Sight & Sound

Fall Out Boy saves rock and roll?

As absurd as it sounds, Fall Out Boy’s new album is called Save Rock And Roll. But perhaps, Pete Wentz and company are much smarter than we give them credit for. Perhaps they too know the absurdity of “saving rock and roll”, but know a clever marketing plan if they saw one. Their new album, featuring guest spots from Courtney Love, Elton John and Big Sean is everything you’d expect from Fall Out Boy; loud guitars, radio friendly melodies and Patrick Stump’s signature falsetto. Who said rock and roll needed saving?

Stream the entire album below and decide for yourself.


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In a great step for Australian hip hop, Melbourne MC Seth Sentry became the first of his genre to perform on a US-based talk show. Sentry, already a big name on home soil thanks to festival, radio and Channel [V] exposure, performed the song “Dear Science” on Jimmy Kimmel Live.

While his performance was a first, it hopefully won’t be the last from the burgeoning talent pool of Australian hip hop. So many great artists and such limited opportunities at times, it’s great to see Sentry become the first to make waves in the US. Let’s hope we’ll see more local hip hop talent cross borders and make it on to more big stages.


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Album Reviews, Featured, Music

Review: Brad Paisley – Wheelhouse

There is an unspoken idea that country music artists can’t be relevant or aware in music’s often self-indulgent meta-isms of today. That someone wearing cowboy boots or a stetson is somehow unqualified to talk about pop culture and the ‘in and now’ the way someone in shades and a designer leather jacket is. Somewhere along the line, our trust in understanding the world through music shifted from the endless plains to urban hooliganism and hipster clubs. While some country music can be hokey, the bad kind is not any less irrelevant than “musicians” who use computer programs instead of guitars.

Brad Paisley, now on his ninth studio album, is as relevant and eloquent as any musician who uses their music to express the world’s trials and tribulations through notes and lyrics. Wheelhouse, 17 tracks in all, is a lesson on how country music can be as smartly written and urgent as anything written from the underbelly of London or New York. While strongly rooted in Southern traditions, the album makes it a priority to stretch far past the borders of Nashville. The album’s first single “Southern Comfort Zone”, sets this tone early on, making the earnest concern that country stereotypes are just as poorly formed as any other. It waxes lyrical about how you don’t have to be country to be country, set to the backdrop of uptempo guitar-driven country rock and easy-to-digest lines; “Not everybody goes to church or watches every NASCAR race / Not everybody knows the words to “Ring Of Fire” or “Amazing Grace””. It’s perfect for the radio- any radio- replete with just the right amount of melodic resonance. The song’s message is something that permeates through the rest of the album too, that a good ol’ Southern country boy can be as worldly as just about anyone else.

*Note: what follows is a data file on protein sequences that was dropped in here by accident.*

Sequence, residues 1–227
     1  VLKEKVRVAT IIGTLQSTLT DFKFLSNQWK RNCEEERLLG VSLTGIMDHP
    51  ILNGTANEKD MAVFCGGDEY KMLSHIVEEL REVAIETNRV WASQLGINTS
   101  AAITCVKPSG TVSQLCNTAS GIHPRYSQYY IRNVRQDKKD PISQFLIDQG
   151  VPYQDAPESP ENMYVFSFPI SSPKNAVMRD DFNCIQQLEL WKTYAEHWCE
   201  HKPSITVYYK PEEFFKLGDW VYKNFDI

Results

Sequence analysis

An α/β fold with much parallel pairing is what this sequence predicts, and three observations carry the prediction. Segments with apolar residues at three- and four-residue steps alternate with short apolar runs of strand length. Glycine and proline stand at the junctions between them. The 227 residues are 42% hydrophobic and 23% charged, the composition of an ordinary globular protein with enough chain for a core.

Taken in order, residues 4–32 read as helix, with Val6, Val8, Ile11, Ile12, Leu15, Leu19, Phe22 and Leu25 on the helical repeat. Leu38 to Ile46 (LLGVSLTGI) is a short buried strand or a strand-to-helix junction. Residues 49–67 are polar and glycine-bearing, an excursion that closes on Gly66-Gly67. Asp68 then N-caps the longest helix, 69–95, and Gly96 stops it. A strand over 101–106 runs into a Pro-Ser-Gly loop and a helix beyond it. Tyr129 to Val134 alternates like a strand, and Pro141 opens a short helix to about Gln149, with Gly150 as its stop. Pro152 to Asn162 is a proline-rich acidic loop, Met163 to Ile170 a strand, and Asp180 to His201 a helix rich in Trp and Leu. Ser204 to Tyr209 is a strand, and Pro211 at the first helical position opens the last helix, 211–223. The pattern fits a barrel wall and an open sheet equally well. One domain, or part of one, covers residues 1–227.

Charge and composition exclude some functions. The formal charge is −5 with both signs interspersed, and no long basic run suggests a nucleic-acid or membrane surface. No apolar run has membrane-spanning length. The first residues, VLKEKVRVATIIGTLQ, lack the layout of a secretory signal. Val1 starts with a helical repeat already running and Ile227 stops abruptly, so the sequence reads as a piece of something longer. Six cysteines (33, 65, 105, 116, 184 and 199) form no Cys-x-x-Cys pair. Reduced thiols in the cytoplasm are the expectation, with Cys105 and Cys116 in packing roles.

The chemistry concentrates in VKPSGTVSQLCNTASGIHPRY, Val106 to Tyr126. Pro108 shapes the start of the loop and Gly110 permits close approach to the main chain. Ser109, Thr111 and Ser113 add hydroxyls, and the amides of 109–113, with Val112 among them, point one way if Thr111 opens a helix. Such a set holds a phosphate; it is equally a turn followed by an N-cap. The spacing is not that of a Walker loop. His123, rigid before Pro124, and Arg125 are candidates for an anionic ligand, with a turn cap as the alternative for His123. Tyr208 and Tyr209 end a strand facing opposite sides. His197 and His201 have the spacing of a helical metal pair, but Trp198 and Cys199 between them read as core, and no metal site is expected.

In “Pressing On A Bruise”, Paisley shares the song with singer/songwriter Mat Kearney, resulting in the album’s most alterna-ready tune. Kearney’s vocal imposition and contrasting beat leaves the song somewhere between Paisley’s more traditional numbers and Third Eye Blind. The song’s accessible nature isn’t far from opening credit music for everything that was on the old WB channel (ie. Teen dramas and young adult shows).

The distinctly country-heavy tunes of the album, “Harvey Bodine” and “Outstanding in the Field”, bounce with enough country fervor but avoid the hokey Billy Ray Cyrus-ness trap. Interestingly, some of the album’s most memorable songs are when Paisley slows down the tempo- like the quietly somber “I Can’t Change The World”. In it, Paisley’s melancholic tone is a little defeatist, surrendering to the idea that we cannot affect change on a grand scale, but when it comes to the matters of the heart, we are in fact in control of that destiny; “I can’t change the world / maybe that’s for sure / but if you let me girl / I can change yours”.

He tightropes blasphemy (in the piano-clad “Those Crazy Christians”) with humor and aplomb, while doing the old-fashioned romance with style (“Beat This Summer”), but the one time Wheelhouse stumbles, is in the LL Cool J featuring “Accidental Racist”. It’s a well meaning song, about Paisley’s awareness of the sometimes ugly side of being Southern, but the LL rap verse/bridge come off as clunky. It’s not that LL can’t do his thing, it’s just that on here, he comes across as “rap for mainstream country folk” (LL actually uses the lines “I wish you understood what the world is like livin’ in the hood / just because my pants are saggin’ it doesn’t mean I’m up to no good”).

The album however, ends on a terrific note. The closer, “Officially Alive”, is everything great about Wheelhouse. Guitar soaked, upbeat and uptempo, it is a song about feeling alive while being aware that you’re alive- spreading the gospel of being happy, being in love, and being aware of impending mortality. It’s all parts Southern soul coated with the shine of radio friendly country rock and good time vibes.